Monday, March 7, 2016

Tracy Meisenbach- You, your horse and the bit, an unhappy threesome.

There seems to be a prevailing thought that how much you love your horse, or he loves you, determines how your equipment works. It doesn’t. Nothing determines how your equipment works except how it is meant to function. If it’s a snaffle it functions like a snaffle. If it’s a tiedown it functions like a tiedown. Nothing about you or your horse alters that UNLESS you actually alter the piece of equipment by adding or subtracting something to it.
Riders/trainers should also understand that nothing about the horse (barring an actual physical deformity) changes how the equipment works. Different horses may REACT differently, just like some people can pick up spiders and some people run screaming from the room, but the equipment, like the spider, is a constant. Reaction is NOT mechanical. Reaction is not based on a specific forumula. Reaction is based on pain, fear, emotion. So don’t confuse reaction with the mechanics of the bit. Some horses ignore pain, some are hypersensitive. Some tolerate poll pressure, some hate it. Just because your horse doesn’t react adversely does not mean he’s not in pain or anxious. Looking at the mechanics of the bit, plus the horse’s anatomy, can give you clues that his response may be hiding. Because at some point common sense has to kick in and say that X pounds of pressure on anything’s tongue is painful. I’ve bitten my tongue before, and it wasn’t with anywhere near the pressure that most people put on the reins and it hurt like hell. So imagine how the horse feels. And while it is true that a finished horse will react differently to a bit than a green horse it still does not change the way the bit works. A finished horse has a conditioned response to the bit's actions. A green horse is listening to his nerve endings telling him what to do UNTIL he finally connects that the rider is trying to tell him something and if he does it there is a reward of some kind. However, neither reaction changes the mechanics of the bit.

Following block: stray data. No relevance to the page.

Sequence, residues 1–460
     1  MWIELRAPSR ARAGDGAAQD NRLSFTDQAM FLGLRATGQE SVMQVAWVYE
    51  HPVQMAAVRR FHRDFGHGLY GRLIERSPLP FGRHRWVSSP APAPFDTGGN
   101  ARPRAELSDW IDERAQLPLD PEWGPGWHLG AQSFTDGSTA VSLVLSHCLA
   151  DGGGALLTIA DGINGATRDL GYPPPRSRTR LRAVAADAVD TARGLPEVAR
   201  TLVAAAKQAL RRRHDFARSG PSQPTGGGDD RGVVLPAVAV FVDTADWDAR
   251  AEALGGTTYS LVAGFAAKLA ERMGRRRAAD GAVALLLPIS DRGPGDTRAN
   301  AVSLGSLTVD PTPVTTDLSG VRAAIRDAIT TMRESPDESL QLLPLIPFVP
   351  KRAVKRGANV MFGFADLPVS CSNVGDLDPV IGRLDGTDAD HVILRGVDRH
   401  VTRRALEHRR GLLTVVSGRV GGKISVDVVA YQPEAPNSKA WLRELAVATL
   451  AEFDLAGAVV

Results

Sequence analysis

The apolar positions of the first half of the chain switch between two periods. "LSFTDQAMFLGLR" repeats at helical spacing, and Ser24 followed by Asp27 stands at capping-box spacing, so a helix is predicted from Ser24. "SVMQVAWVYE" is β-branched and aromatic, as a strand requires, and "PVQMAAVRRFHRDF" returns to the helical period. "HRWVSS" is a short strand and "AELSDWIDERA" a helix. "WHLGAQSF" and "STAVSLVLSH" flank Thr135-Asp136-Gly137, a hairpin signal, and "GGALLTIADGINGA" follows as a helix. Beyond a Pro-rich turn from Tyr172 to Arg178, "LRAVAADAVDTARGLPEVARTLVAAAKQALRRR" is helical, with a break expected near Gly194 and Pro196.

So when you assess your horse, and the bits you use, repeat these things to yourself, because honesty is the best policy when dealing with horses. And stop confusing emotional reaction with bitting mechanics.

Things that DO NOT alter how the bit works:
How much you love your horse
How much your horse loves you
Your relationship is not special, unique or rare. It’s simply a relationship with an animal you like, that likes you back and hopefully will last a long pain free time.
Horse’s breed
Horse’s age
Horse’s color
Horse’s training level
Political party
Sexual preferences
Favorite TV show
Favorite horse event
How much you pay for the bit
How much you win while using it
Celebrity using it
Advertising used to promote the bit
Where you live
How old you are
Whether all your tack matches
Drugs, they alter reaction, not mechanics

Things that will alter how a bit works;
A welder
A hack saw
Blow torch
Draw reins
Gag pulley
The bit breaking
Adding a curbstrap or taking one off

Tracy Meisenbach
Copyright 3-2016
Do not copy, republish or use without permission.

Thursday, March 3, 2016

Tracy Meisenbach- Pedigrees and generational influences